Federal Court Hints At A Delay In Ruling On Georgia Abortion Law

Nikki Attkisson | Last Updated : September 28, 2021

The federal appeals court has hinted at delaying its ruling on the Georgia abortion law until the USA Supreme court’s ruling on a distinct Mississippi abortion law case before it rules on the appeal of a lower court’s rule that blocks a prohibitive Georgia abortion law.

Federal Court Hints At A Delay In Ruling On Georgia Abortion Law

The U.S.A Supreme court has agreed to hear out debates in December 2021 in response to Mississippi overruling the decision passed by the High court in the Roe v. Wade case, that ruled in favor of protecting an expecting mother’s right to have an abortion as against Mississippi’s law that does not allow abortion beyond 15 weeks of pregnancy. That landmark decision in the 1973 Roe v. Wade case declared a woman’s fundamental right to get an abortion before the fetus is viable.

Federal Court Hints At A Delay In Ruling On Georgia Abortion Law

The 11th U.S. Circuit Court of Appeals’s panel of judges held a hearing on Friday to conclude whether it should revoke a ruling passed by a lower court that blocked a 2019 Georgia law that aimed at disallowing abortions, except in exceptional situations, after a human heartbeat was detected.

According to medical science, the heartbeat can be detected through ultrasound in the cells in an embryo as soon as six weeks in a pregnancy, even before most women realize they are expecting. As per the current law, abortion is allowed in Georgia up to 20 weeks of pregnancy.

Attorneys from both sides agreed with their respective lawyers that the case should be held on till the U.S Supreme court announces its ruling in the Mississippi case.

According to circuit chief judge William Pryor, allowing the U.S Supreme court to work on our behalf is a judicious decision in this case.

According to Elizabeth Watson, American Civil Liberties Union Reproductive Freedom Project’s staff attorney, Mississippi’s 15-week abortion ban law would significantly prohibit fewer abortions compared to Georgia’s more orthodox law.

Soon after Republican Gov. Brian Kemp sanctioned the abortion law in May 2019, The American Civil Liberties Union, Planned Parenthood, and the Center for Reproductive Rights appealed against the law on behalf of an advocacy group and Georgia abortion providers.

After U.S District Judge Steve Jones declared in July 2020 that the law was unauthorized and that the court rejected the state defendant’s claim that the sole purpose of the law was to promote the well-being of the fetus, the state raised an appeal to the 11th U.S. Circuit.

According to Steve Jones, the law’s distinct reference to Roe v. Wade hints that its main purpose was to in fact ban abortion instead.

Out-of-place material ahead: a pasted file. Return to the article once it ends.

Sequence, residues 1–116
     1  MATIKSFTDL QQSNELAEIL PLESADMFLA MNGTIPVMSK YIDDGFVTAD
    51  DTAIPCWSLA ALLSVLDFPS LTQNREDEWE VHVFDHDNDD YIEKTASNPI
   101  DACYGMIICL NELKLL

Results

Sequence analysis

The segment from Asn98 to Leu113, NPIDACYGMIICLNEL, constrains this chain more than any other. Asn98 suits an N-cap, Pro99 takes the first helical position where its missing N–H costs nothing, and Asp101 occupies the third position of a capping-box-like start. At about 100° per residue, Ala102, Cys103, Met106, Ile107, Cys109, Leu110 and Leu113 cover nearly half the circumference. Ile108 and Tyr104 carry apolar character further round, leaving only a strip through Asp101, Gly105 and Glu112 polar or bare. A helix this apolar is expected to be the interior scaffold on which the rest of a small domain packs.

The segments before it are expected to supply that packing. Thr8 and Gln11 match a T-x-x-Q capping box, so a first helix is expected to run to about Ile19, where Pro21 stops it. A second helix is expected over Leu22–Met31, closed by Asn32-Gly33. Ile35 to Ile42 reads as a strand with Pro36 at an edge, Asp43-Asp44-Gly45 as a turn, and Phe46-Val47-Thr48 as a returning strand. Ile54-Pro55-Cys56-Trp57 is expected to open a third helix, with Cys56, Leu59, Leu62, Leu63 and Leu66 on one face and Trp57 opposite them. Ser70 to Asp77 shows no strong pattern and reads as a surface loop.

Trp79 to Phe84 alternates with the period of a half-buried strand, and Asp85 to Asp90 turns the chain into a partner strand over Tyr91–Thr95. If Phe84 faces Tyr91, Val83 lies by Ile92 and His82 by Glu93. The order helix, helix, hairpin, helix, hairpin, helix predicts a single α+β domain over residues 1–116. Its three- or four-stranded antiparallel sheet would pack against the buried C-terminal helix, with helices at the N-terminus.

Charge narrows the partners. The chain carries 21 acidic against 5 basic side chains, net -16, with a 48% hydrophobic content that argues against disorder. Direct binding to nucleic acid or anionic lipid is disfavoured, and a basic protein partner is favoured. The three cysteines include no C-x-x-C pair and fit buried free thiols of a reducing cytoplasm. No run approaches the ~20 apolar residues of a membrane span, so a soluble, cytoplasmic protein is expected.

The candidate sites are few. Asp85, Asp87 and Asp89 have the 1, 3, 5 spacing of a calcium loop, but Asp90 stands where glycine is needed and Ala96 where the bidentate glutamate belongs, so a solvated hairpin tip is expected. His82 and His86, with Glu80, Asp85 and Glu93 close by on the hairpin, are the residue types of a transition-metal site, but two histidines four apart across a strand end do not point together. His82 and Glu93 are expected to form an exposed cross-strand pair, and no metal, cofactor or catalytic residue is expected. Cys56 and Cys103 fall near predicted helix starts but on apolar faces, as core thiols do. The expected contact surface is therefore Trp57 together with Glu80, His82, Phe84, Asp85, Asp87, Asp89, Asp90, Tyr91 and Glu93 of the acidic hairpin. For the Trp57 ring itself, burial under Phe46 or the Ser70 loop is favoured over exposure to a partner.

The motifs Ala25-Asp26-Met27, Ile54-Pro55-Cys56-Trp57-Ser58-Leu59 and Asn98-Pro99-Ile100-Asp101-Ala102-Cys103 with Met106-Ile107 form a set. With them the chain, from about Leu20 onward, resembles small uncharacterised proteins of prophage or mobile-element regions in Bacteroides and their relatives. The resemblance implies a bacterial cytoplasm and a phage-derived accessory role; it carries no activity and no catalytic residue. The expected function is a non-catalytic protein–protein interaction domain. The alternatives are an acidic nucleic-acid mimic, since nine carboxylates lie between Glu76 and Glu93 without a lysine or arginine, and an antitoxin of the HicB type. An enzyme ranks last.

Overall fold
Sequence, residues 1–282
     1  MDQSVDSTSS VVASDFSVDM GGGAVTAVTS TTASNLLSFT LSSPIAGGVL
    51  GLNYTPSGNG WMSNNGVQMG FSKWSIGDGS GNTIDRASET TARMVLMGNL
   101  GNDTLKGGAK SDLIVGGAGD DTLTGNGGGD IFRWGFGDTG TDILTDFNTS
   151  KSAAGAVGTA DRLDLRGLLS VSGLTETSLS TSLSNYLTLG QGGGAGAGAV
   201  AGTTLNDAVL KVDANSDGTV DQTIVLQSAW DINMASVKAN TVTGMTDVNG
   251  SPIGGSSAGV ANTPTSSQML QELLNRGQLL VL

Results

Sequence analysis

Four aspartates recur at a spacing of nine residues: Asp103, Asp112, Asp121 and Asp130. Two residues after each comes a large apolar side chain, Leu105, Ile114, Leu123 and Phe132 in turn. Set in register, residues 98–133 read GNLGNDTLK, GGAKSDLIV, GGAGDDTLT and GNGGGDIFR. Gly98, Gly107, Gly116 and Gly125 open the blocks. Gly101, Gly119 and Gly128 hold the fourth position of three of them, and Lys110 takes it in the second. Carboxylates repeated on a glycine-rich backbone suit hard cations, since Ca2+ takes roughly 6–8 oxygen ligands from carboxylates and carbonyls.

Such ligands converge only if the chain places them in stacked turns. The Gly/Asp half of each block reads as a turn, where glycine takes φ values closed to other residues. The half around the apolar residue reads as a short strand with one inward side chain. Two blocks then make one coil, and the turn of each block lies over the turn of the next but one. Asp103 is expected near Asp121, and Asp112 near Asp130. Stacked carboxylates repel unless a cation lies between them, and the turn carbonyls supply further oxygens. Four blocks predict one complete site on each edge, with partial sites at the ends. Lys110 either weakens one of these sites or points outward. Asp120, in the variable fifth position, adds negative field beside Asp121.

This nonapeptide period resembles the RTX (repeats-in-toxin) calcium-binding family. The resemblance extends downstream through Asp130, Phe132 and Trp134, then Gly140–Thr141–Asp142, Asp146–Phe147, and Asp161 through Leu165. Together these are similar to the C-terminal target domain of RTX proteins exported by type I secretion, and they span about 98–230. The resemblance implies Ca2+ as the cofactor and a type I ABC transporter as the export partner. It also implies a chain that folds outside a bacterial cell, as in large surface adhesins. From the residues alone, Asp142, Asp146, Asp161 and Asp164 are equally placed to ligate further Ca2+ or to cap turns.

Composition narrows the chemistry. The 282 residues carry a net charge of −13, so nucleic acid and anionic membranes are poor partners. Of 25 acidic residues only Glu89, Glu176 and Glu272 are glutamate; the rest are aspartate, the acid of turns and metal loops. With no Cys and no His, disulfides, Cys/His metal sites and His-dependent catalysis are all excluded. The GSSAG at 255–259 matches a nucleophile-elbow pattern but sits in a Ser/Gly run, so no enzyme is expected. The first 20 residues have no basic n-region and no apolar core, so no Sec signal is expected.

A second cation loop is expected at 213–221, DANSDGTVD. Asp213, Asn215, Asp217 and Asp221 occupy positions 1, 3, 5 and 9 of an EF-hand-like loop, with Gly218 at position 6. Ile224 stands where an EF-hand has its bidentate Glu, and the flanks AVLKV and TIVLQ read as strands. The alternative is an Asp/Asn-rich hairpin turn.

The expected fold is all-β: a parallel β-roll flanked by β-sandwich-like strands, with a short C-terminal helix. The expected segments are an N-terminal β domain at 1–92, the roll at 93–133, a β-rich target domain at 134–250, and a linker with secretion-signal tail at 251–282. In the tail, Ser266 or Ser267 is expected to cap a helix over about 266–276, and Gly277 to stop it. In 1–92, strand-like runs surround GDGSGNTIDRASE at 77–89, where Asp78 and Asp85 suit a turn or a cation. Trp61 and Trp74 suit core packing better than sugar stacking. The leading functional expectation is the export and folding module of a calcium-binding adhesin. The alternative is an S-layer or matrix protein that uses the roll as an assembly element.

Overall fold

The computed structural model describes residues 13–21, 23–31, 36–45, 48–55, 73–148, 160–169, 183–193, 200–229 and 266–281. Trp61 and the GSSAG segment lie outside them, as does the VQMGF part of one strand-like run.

The law excluded cases of rape and incest, provided a due police report is filed as well as later abortions in cases where the mother’s life was at risk or the fetus were medically rendered unviable because of a critical medical condition. The law claimed to grant personhood to a fetus, thus permitting it the same legal rights as a living person.

Georgia’s ‘heartbeat law’ was one of many laws passed by the legislatures controlled by the Republicans in recent years as anti-abortion lawmakers and activists saw this as an opportunity in the new orthodox Supreme court majority.

Lawyer of the state, Jeffrey Harris is of the opinion that claiming a fetus as a ‘person’ is unlawful and that Steve Jones should instead sanction ‘fetal well-being provisions’ that don’t necessarily include an abortion.

After the Supreme court recently sanctioned a confining Texas abortion law before considering a hearing in the Mississippi case, Ron Carlson, a law professor at the University of Georgia was of the opinion that abortion laws could be freshly surveyed by the Supreme court.

Nikki Attkisson

With over 15 years as a practicing journalist, Nikki Attkisson found herself at Powdersville Post now after working at several other publications. She is an award-winning journalist with an entrepreneurial spirit and worked as a journalist covering technology, innovation, environmental issues, politics, health etc. Nikki Attkisson has also worked on product development, content strategy, and editorial management for numerous media companies. She began her career at local news stations and worked as a reporter in national newspapers.

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